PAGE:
Before he knew it he was in the park, walking slowly under the shadowy trees on quiet stone paths. He was dreaming, but it really wasn’t a dream. He was thinking of that lithe, nimble body, that thin face, the mobile features, the eyebrows plucked in a fine curve, the thick lashes, the laughing, shining black eyes—Yu Bin stumbled and nearly fell. He sat down on a stone bench under the trees and laughed at himself: You can’t think that way! It’s dangerous! Phew, thinking about her! She was so stuck-up; she didn’t care for any of her male classmates. She had once come modestly to his house and asked for private tutoring, but now she didn’t pay any attention to her professor. And what if she did pay attention? A bald old man. A gust of wind blew past and Yu Bin felt cold. Apparently the sun had set without his noticing it. The long shadows of the trees had disappeared and all that remained were the fallen leaves, half green and half yellow, bleak and pathetic. He sighed involuntarily. I’m old, I’m old, I’m old. With many sighs, he made his way home.

At dinner his wife suddenly said, “A girl student came looking for you.”

His younger son said at once, “Hu Ruoqu!”

Mrs. Yu said, “What do you know? Eat your dinner.”

The older boy said with an experienced air, “That’s who it was.”

Yu Bin felt a wave of warmth. He didn’t know if it was only in his mind or if it showed on his face. He feigned indifference. “What did she want?”

“Who knows?” his wife replied without interest.

“You didn’t ask?”

“I told her you just left,” she said blandly.

Yu Bin wanted to find out more, but he couldn’t think how to ask. He looked at his wife’s face but it was unreadable, so all he could do was ask his younger son, “How did you know who she was?” Both boys were busy chewing on duck wings. His wife said with a smile, “I never remember names; I just remember a face as black as the bottom of a wok, black down all over it, and a whiny voice as if she were about to cry.”

Yu Bin objected loudly. “Hu Ruoqu? She’s nothing like that!”

“I don’t know if it was Hu Ruoqu or someone else, but that’s the person who just came.” His wife calmly put down her chopsticks and went to wash her face.

Yu Bin was outraged. Miss Hu might be dark, but a far cry from the bottom of a wok. Perhaps she had a bit of facial hair but not black down all over her face! A refined young lady like that, how could you say she had “a whiny voice”? Women obviously were no judges of beauty; they just used themselves as models. Yu Bin stared at his wife’s mug behind the steaming hot towel: nose, mouth, cheeks, eyeballs, everything was smooth as butter and a soft pink, not a trace of hair, not even eyebrows. A naked fat pink face. Of course, Huifen’s face wasn’t usually all pink. Everybody agreed she was attractive. Of course “beauty” also takes a rest from time to time. Yu Bin wasn’t the sort of unreasonable man who expects his wife to look good every minute of the day. But if she said someone had black down all over her face, she was inviting scrutiny of her own hairless face. She should look in the mirror!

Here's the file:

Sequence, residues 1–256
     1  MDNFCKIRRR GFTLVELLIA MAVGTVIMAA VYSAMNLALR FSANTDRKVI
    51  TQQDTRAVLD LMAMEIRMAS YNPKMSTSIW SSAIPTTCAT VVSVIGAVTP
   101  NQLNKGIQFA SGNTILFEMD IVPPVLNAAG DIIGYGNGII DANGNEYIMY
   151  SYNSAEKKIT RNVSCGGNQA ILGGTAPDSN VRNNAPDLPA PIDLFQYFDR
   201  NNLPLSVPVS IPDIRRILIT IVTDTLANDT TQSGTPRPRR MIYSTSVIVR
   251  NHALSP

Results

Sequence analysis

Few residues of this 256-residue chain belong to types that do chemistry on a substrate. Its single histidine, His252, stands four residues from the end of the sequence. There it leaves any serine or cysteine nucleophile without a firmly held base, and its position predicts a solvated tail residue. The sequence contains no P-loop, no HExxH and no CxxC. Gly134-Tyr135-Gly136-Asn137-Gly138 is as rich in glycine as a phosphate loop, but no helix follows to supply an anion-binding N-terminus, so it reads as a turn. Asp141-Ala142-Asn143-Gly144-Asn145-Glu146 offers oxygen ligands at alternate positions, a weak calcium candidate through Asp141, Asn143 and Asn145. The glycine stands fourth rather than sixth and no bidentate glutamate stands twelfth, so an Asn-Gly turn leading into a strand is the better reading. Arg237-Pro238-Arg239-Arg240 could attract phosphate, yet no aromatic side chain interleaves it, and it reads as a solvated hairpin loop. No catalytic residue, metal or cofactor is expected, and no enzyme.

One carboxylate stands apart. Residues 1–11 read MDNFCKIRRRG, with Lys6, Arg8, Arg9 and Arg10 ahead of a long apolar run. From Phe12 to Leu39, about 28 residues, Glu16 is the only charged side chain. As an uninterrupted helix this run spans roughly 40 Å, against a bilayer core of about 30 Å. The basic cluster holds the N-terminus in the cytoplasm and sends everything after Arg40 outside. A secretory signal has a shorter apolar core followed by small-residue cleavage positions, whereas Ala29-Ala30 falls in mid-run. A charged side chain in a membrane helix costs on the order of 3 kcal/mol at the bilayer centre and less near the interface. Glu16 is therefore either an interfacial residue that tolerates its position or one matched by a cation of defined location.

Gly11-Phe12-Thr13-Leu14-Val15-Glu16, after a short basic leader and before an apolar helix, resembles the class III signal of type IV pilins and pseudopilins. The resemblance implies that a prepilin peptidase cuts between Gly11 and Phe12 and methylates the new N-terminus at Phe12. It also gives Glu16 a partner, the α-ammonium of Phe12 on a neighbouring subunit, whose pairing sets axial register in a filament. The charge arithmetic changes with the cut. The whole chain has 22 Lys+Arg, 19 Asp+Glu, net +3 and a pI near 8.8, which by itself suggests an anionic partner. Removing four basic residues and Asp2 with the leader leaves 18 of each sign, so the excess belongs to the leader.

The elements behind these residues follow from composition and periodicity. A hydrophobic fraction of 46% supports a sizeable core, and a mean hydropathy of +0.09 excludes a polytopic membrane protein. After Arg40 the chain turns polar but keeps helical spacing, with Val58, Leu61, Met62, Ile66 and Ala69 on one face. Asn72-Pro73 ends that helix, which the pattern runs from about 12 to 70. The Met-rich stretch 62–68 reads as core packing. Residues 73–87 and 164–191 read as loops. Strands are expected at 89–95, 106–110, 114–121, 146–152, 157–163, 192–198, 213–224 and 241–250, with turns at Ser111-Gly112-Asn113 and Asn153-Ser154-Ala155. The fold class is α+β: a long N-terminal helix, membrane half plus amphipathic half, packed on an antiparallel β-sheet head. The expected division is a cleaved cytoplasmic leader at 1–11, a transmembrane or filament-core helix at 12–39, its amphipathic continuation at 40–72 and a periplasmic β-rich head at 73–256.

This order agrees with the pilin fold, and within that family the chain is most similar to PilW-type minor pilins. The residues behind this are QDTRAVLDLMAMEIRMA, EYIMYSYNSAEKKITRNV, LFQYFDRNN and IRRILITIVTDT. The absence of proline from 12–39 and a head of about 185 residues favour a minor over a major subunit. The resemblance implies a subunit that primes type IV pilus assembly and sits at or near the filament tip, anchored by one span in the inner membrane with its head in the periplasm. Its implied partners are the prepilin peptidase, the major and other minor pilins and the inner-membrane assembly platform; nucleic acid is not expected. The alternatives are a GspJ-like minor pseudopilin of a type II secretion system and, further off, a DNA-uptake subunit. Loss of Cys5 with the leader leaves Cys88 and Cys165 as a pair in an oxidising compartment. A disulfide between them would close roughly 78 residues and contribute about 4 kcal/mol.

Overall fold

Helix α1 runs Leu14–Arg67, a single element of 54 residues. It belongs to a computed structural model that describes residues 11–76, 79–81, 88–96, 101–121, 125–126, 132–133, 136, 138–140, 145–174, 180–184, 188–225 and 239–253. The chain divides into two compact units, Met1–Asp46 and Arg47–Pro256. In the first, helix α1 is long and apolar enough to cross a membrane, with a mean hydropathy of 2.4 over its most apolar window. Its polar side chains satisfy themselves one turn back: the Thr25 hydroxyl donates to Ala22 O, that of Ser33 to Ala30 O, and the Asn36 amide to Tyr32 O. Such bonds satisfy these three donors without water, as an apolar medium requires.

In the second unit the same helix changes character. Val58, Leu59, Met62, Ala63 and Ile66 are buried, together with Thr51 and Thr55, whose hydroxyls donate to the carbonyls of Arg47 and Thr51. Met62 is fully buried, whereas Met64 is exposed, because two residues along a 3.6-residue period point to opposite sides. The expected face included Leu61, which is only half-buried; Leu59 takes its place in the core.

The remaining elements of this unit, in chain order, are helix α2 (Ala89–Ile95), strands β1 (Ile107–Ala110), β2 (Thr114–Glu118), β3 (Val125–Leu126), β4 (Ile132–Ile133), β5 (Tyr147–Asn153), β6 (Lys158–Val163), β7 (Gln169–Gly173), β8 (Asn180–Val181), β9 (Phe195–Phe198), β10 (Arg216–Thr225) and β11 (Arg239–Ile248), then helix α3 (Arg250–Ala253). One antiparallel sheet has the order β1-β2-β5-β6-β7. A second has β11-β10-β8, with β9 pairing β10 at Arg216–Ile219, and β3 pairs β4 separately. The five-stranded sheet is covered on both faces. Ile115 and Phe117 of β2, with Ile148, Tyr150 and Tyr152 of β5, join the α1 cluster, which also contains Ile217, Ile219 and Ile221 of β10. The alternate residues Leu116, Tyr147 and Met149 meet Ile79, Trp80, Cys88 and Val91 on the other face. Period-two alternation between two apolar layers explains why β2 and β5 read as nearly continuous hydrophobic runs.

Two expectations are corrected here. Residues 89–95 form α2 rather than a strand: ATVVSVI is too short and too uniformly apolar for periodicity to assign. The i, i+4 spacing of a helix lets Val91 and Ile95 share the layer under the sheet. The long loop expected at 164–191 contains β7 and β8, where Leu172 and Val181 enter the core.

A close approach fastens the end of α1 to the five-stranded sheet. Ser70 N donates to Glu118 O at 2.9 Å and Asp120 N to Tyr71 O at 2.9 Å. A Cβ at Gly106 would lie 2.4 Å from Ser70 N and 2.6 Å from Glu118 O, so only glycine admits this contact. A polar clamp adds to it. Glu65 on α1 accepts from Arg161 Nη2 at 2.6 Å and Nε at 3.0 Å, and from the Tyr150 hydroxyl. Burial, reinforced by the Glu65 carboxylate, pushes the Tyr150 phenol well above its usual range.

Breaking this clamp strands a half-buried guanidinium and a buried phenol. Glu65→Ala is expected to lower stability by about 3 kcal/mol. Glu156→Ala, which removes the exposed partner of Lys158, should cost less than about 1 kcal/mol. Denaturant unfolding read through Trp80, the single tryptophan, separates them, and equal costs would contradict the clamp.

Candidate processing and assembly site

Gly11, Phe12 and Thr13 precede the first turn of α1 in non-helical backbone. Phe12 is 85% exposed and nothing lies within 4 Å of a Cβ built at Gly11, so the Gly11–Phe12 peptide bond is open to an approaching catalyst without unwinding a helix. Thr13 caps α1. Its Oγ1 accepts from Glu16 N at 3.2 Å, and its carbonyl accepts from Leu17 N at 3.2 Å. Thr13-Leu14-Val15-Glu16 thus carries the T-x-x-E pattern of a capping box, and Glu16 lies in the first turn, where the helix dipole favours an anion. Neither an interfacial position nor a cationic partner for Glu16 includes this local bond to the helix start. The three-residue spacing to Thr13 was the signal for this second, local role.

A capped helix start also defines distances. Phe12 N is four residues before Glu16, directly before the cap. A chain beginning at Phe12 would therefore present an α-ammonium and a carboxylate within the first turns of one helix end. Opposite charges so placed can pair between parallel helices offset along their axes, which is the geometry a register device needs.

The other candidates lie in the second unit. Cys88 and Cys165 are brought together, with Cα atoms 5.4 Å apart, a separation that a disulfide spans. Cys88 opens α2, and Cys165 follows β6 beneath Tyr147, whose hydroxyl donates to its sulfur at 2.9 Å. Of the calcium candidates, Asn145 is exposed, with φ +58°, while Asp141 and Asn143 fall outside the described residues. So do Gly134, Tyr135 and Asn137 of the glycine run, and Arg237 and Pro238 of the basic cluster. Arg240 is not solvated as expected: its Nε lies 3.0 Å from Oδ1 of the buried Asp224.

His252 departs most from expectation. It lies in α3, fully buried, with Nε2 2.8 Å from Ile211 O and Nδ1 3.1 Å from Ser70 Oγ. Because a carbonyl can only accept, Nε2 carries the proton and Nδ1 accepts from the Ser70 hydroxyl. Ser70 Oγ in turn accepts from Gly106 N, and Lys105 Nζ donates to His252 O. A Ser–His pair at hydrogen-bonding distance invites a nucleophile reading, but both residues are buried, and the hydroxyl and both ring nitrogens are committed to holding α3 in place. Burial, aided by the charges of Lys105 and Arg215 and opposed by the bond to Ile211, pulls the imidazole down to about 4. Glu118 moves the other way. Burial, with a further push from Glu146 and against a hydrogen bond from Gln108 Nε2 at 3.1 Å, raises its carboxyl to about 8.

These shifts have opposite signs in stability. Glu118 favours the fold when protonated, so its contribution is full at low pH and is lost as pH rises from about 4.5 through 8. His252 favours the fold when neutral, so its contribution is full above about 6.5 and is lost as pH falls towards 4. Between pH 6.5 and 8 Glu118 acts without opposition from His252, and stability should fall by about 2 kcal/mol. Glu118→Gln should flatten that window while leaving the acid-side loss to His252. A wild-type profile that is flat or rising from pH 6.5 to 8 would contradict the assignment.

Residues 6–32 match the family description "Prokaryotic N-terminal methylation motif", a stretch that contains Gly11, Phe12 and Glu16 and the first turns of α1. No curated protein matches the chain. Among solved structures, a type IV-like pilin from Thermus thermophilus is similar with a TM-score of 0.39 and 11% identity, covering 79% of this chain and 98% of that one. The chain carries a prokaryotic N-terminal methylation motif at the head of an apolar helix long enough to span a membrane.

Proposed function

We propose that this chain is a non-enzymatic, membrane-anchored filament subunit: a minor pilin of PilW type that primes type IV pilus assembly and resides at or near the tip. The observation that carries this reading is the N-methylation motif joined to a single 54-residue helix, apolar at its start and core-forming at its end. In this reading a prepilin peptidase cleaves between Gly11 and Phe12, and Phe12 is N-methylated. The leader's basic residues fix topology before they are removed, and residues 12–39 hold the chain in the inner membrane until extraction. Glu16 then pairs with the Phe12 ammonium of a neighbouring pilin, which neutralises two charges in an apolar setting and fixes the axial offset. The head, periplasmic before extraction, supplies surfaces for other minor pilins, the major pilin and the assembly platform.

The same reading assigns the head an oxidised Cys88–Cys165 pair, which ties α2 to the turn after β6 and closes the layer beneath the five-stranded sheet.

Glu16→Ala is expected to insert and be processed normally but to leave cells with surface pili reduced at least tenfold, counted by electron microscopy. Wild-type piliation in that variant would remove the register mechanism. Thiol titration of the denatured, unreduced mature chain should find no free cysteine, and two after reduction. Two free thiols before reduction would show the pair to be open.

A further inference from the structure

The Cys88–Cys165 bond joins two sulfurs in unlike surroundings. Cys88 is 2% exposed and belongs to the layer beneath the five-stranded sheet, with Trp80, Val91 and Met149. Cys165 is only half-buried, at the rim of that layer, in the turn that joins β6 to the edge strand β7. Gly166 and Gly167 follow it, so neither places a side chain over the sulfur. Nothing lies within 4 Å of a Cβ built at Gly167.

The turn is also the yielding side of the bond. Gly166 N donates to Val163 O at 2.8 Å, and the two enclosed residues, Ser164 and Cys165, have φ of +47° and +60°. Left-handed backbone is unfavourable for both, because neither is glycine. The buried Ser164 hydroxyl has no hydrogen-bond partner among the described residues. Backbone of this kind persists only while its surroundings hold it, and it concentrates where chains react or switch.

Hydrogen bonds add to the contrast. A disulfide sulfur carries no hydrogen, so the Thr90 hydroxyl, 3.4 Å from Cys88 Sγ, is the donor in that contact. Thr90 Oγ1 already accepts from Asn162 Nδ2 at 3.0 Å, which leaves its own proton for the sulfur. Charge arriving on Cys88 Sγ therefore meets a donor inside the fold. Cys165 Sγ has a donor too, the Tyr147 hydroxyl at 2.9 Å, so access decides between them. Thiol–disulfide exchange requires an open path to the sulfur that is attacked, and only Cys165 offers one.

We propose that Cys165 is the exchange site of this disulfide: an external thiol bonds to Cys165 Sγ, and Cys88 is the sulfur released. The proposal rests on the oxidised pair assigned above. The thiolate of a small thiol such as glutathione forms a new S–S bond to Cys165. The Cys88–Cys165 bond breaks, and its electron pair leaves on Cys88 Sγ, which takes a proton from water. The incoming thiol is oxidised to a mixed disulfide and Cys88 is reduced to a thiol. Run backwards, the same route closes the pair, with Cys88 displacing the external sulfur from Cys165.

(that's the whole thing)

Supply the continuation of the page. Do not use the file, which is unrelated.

Just then the doorbell rang. The maid, Mrs. Zhang, answered and invited a young lady in. It was that girl with black down all over her face, Hu Ruoqu.

Yu Bin put down his bowl and sotto voce urged his two sons, “Quick, quick, upstairs. Go upstairs.” That was because their dining room was just a small square nook off the living room. He always felt it was not a fitting sight for polite guests. The children put down their bowls and wanted to run off, but Mrs. Yu insisted they sit and eat slowly. She invited Miss Hu to be seated, but she herself sat by the table to watch the children eat and select morsels for them.

Wiping his mouth with a damp towel, Yu Bin hastened to welcome the guest. Miss Hu stood under the lamp, and he saw that she was wearing a tight Chinese dress of deep red wool under a tailored dark gray coat. Her dark skin was calm, soft and warm, like a velvety dark red rosebud. She batted her thick lashes and said, half shyly and half flirtatiously, “I came back.”

Yu Bin quickly apologized for not being home to welcome her. He asked her to sit, asked if she wanted to remove her coat? And had she eaten dinner? His words tumbled over each other and became incoherent; embarrassed, he turned evasively and called, “Huifen!” But Mrs. Yu was chatting about something amusing with the children and taking them upstairs with talk and laughter.

Miss Hu slowly took off her coat, lifting her brows and pursing her small mouth. Looking at him respectfully but a bit reproachfully, she said, “I almost didn’t come. I’m really sorry to bother Mrs. Yu so often.” Yu Bin said, “Not at all, not at all,” but he couldn’t make out whether she was apologizing or complaining. She went on very formally, saying that she had been entrusted with a mission; otherwise she would never have dared to visit more than once. She was editing the class magazine, and they must have one of Professor Yu’s illustrious pieces to lend prestige and complete the publication. Yu Bin gave a flattered laugh and apologized, “I don’t have any good drafts right now.” Miss Hu made a face and said archly, “I think they’re probably too good.” Yu Bin went through his drawers, dithering. Miss Hu stood nearby and stole glances at the buried treasures. She said, even more mischievously: “If Professor Yu is reluctant to part with them, I’ll just steal one.” Yu Bin picked out an old essay and said modestly that it wasn’t very good. Miss Hu grabbed it and read it right away. She lowered herself onto the sofa as she read. But she knew Professor Yu was studying her face. Naughty Professor Yu! She took the manuscript and thanked him solemnly. Then they couldn’t think of anything else to say. Yu Bin asked her what books she’d been reading lately. What had she been doing? Miss Hu asked Professor Yu what he was working on? When all that was said, they felt there was nothing more to say. But Miss Hu didn’t want to get up, and Yu Bin was also afraid she would take her leave.